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The canonical route from normal tissue to cancer occurs through sequential acquisition of somatic mutations. Many studies have constructed a linear genetic model for tumorigenesis using the genetic alterations associated with samples at different stages of neoplastic progression from cross-sectional data. The common interpretation of these models is that they reflect the temporal order within any given tumor. Linear genetic methods implicitly neglect genetic heterogeneity within a neoplasm; each neoplasm is assumed to consist of one dominant clone. We modeled neoplastic progression of colorectal cancer using an agent-based model of a colon crypt and found clonal heterogeneity within our simulated neoplasms, as observed in vivo. Just 7.3% of cells within neoplasms acquired mutations in the same order as the linear model. In 41% of the simulated neoplasms, no cells acquired mutations in the same order as the linear model. We obtained similarly poor results when comparing the temporal order to oncogenetic tree models inferred from cross-sectional data. However, when we reconstructed the cell lineage of mutations within a neoplasm using several biopsies, we found 99.7% cells within neoplasms acquired their mutations in an order consistent with the cell lineage mutational order. Thus, we find that using cross-sectional data to infer mutational order is misleading, while phylogenetic methods based on sampling intra-tumor heterogeneity accurately reconstructs the evolutionary history of tumors. Additionally, we find evidence that disruption of differentiation is likely the first lesion in progression for most cancers, and should be one of the few regularities of neoplastic progression across cancers.
Cancer is an evolutionary system that results from the accumulation of somatic mutations (1), resulting in cells that increase their fitness and divide faster, die less frequently, and no longer follow the rules dictated by their environments. New mutations in individual cells within a neoplasm can create subclones of genetically identical cells all sharing the same common ancestor, and these subclones then compete with each other for limited resources. Cancer cells are an evolving population of asexually-reproducing cells, and the rate and dynamics of adaptation in asexually-evolving populations have been studied experimentally and theoretically in evolutionary biology (reviewed in (2)).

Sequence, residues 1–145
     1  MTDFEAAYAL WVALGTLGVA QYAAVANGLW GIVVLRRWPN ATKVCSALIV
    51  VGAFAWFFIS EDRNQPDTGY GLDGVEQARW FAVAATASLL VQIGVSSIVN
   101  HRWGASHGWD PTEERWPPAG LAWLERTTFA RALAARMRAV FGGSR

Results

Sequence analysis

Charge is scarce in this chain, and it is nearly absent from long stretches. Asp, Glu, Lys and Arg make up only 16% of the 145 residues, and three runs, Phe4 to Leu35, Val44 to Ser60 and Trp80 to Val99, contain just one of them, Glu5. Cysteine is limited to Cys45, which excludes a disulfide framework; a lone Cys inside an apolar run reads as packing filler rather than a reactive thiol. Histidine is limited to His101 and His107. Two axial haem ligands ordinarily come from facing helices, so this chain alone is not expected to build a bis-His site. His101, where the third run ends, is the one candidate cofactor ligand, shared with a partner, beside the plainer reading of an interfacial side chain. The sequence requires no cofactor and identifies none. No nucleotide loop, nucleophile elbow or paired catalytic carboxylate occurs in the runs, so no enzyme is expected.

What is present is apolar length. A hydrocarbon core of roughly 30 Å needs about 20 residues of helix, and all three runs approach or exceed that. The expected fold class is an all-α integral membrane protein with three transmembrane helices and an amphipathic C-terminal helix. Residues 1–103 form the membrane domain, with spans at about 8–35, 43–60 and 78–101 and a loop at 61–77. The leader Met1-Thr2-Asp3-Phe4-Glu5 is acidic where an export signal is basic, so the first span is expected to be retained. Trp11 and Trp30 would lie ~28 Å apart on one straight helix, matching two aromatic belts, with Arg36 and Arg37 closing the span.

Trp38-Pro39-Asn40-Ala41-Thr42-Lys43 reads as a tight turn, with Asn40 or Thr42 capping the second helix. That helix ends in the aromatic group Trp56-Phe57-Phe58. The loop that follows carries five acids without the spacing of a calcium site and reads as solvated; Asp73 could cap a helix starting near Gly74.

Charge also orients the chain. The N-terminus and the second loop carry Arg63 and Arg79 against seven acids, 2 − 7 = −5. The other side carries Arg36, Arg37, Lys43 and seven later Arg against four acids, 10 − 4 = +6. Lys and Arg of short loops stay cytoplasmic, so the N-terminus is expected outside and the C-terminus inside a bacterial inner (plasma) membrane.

A fundamental goal of research into carcinogenesis, with implications for cancer prevention, is to determine the order of mutations that occur in a neoplasm as it progresses from normal tissue to cancer. This has been explored in various cancer types, including breast cancer (3), lung cancer (4), and melanoma (5). In a canonical paper (6), the order of mutations for colorectal cancer was reconstructed from 172 colorectal tumor specimens (7). The specimens were classified according to tumor size and grade, and a small set of genetic alterations was characterized in these same samples. The order of mutations leading to colon cancer was constructed from these data by identifying the mutations whose frequency across tumors increased in conjunction with increases in the tumor size and grade (6). This analysis has been widely influential and used as a model for other cancer systems (4, 8, 9). Even at its conception, this model was not meant to provide a fixed roadmap for the accumulation of genetic alterations. In fact, in observations by the original authors of the linear genetic model, 2 of 7 tumors were inconsistent with the linear model, as determined through experiments in which the genetic alterations were identified in different stages within the same tumor. This was independently verified through experiments identifying the mutational state of colorectal tumors from over 100 patients (10). We analyzed the data from (10) and found that just 26.2% of the neoplasms had a mutational state consistent with the canonical genetic pathway inferred from cross-sectional data.